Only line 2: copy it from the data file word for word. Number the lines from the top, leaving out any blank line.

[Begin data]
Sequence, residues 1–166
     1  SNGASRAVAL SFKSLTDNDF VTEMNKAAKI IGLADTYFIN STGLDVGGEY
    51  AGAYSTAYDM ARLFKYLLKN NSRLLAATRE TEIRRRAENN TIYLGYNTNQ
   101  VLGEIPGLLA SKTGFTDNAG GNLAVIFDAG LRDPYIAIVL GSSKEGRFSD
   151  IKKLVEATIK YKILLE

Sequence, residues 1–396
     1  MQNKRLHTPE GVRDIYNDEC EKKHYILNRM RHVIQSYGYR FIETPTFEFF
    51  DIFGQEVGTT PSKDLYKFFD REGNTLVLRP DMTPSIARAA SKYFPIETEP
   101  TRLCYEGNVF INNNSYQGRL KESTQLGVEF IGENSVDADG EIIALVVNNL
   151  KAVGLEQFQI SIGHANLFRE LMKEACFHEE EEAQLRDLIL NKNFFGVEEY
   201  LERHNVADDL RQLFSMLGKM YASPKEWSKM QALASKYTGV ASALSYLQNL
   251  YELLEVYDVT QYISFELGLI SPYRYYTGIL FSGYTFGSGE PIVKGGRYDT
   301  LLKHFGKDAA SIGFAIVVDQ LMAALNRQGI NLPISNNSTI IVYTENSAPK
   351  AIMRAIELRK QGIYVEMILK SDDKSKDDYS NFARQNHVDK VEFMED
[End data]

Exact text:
     1  SNGASRAVAL SFKSLTDNDF VTEMNKAAKI IGLADTYFIN STGLDVGGEY